News Articles - David's Australian Tour 2002
David Cassidy - Beat Magazine
6th November 2002
In the space of a few short years he went from being the awkward myopic class nerd to one of the world's biggest teen heart-throbs, TV star and million-selling recording artist. At the height of his fame in the 1970s, David Cassidy had to be so cocooned from an audience who would rip him apart, that on tour he would spend almost all the time he wasn't on stage (when he could escape the horny hotel employees) "wrapped up in a blanket up in my room". But "life is so different now". His is a long shadow that shows no sign of completely abating, even though more years have passed since those times than he spent getting to that point.
He has a new album, Then and Now, bringing into sharper focus the comparisons, and perhaps an attempt at personally coming to terms with the inescapable past, after a few decades in the netherworld between outrageous fame and becoming comfortable with your life and your lot ("I played a lot of casinos").
Now, as then, he could do anything, really. He's handsome. He's a good actor, a professional performer ("I've done over 3,000 live shows") with a strong, warm voice, and has proven his talents in other creative areas, such as playwright, director and stage actor. "I twisted my brother (Shaun Cassidy)'s arm to do Blood Brothers on Broadway. It was a chance to explore with my brother the emotional journey we had to take - we'd never worked together before ... and never again!" he jokes. He made a film, Spirit of '76, with the pop genius McDonald brothers, Steve and Jeff, from Redd Kross. But he must daily face the question : 'What was it like?' ... He'll always be 'Keith Partridge'. But he broaches it - and it's inevitable like - with good spirit and humour, any weariness well hidden (he IS an actor, remember). In a press-conference situation - one he must have faced a million times - he's well prepared. He makes jokes. He flatters his host country. "We envy your love and celebration of life, your warmth, friendship and openness." He has anecdotes, such as the time a blue stage outfit was stolen in Melbourne. It was eventually sold to a fan who approached him with it after a show in London a few months ago "to see if it is really his". It had cost her £80 - "it's worth a little more than that to me. And I still got into it! Though it was a big tight ... here. Remember I was a skinny young guy."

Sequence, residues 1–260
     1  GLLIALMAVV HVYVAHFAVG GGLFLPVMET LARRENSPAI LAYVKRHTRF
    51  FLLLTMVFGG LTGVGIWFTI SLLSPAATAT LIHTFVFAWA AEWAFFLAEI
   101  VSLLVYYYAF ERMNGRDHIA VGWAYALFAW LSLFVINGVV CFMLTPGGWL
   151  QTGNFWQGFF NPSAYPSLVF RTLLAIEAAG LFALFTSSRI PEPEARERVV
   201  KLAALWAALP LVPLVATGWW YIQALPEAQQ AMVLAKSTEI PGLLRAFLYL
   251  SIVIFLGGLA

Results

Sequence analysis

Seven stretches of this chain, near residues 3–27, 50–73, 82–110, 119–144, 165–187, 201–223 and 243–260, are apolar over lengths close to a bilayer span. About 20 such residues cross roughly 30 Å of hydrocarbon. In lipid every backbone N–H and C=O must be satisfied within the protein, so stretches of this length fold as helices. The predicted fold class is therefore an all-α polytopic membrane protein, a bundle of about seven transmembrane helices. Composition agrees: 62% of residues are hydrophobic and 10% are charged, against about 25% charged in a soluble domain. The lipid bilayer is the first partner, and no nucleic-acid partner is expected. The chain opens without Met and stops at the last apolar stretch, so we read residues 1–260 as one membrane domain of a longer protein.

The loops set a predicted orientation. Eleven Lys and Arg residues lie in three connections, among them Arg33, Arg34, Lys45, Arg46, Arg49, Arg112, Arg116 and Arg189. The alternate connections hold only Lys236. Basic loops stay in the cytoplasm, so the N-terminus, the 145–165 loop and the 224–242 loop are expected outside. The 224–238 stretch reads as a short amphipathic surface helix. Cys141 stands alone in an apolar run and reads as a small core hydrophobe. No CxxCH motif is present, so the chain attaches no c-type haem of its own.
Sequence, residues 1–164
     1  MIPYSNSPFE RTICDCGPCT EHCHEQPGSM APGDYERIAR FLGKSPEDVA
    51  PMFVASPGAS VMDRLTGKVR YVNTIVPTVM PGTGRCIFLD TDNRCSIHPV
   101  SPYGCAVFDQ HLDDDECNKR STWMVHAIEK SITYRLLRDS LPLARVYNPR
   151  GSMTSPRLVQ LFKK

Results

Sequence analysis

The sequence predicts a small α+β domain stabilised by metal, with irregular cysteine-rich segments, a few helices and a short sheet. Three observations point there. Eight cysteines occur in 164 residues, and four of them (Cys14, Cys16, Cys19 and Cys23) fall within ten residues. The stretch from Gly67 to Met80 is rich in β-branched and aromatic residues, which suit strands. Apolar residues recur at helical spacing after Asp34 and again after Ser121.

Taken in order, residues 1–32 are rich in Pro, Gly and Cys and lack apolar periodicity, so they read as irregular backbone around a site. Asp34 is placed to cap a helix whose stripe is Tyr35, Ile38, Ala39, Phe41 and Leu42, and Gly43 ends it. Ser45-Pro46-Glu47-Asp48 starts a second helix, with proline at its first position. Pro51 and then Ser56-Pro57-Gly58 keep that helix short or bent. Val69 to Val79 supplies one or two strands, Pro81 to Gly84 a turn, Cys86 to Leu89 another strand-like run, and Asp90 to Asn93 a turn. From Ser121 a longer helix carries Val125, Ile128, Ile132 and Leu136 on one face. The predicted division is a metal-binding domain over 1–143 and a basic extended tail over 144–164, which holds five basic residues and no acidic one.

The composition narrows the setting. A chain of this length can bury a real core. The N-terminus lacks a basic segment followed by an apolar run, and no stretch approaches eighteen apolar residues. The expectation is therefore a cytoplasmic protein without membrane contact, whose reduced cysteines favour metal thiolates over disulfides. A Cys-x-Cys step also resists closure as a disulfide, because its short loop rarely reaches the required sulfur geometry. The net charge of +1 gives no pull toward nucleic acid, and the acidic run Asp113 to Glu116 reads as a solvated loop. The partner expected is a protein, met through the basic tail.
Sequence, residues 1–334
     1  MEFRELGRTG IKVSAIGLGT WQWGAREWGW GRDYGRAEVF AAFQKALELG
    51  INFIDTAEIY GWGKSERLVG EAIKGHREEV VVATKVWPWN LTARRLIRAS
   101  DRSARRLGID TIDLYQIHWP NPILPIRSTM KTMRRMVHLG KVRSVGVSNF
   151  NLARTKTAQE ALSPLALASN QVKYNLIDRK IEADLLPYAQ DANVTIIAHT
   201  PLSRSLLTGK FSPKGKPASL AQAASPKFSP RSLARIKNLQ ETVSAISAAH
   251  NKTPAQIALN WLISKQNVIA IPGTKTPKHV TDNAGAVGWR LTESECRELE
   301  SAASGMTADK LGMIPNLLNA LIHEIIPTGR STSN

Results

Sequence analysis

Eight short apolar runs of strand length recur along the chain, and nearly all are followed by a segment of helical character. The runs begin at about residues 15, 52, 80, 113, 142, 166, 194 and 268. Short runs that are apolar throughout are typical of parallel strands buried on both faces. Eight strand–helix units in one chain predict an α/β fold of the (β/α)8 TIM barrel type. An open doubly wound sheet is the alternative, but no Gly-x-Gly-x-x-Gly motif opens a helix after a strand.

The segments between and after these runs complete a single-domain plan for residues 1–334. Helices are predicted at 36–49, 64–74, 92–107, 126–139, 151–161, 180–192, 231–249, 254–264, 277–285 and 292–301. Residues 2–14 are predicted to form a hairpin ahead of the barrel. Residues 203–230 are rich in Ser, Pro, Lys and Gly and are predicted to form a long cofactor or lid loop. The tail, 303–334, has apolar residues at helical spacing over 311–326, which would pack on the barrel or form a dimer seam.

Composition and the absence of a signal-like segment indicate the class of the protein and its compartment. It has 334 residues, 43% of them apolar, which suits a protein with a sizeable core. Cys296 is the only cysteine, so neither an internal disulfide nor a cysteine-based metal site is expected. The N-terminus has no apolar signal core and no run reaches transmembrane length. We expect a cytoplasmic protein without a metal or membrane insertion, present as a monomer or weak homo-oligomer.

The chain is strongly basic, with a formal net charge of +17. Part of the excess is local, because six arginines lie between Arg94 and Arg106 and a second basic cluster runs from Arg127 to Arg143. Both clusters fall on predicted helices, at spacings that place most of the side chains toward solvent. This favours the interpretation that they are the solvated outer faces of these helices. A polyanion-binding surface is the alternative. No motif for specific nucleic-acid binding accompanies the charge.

He's surprising. "I was born in New York; I'd hitched to Haight-Ashbury. I saw Hendrix five times, Clapton, Cream. My good friend Alice Cooper, we used to hang together, I was much wilder than him, but our image were so different. I was 24 (years old) playing 17. Now I'm a wild rockin' 50-ish guy. I've gotta have fun in my life - that's the way to live it - to get people ... happy. It's a great compliment to think that I could inspire people, even better musicians than me, with my music."
He's serious and compassionate in the light of recent tragedies, which have obviously had a profound effect on him. "We are now more than ever brothers and sisters in the world."
And he's gracious with the inevitable Partridge Family questions. 'The Osbornes - without the language - are as sweet and lovable as the Partridge Family. Really, a lot of the shows I never saw. I was working, and there was no video then. The times are different. You can't compare decades. The reason I left it at the top was because I wanted people to know me, rather than that guy on TV. Around '74 - 75 John Lennon was a great positive influence on my life. He'd understand my experience; he'd taken the steps of demystification. George wrote Here Come The Sun symbolising his entry back into the world again, be a real person rather than just a .... thing. I knew that ultimately I'd find my way."
He finds having the chance to tour again "liberating. I'd been there, but hadn't seen anything. I'm looking forward to the experience, to come back and to spend some time and see the country". Like a proud dad, he's enthusiastic about the show he'll be presenting on this tour, 'it's extremely high energy, a love-fest, a celebration. Come out and heal with me, celebrate the fact that we have this life and this freedom. It's a great thing."
David Cassidy plays Vodafone Arena on Monday November 11 (2002).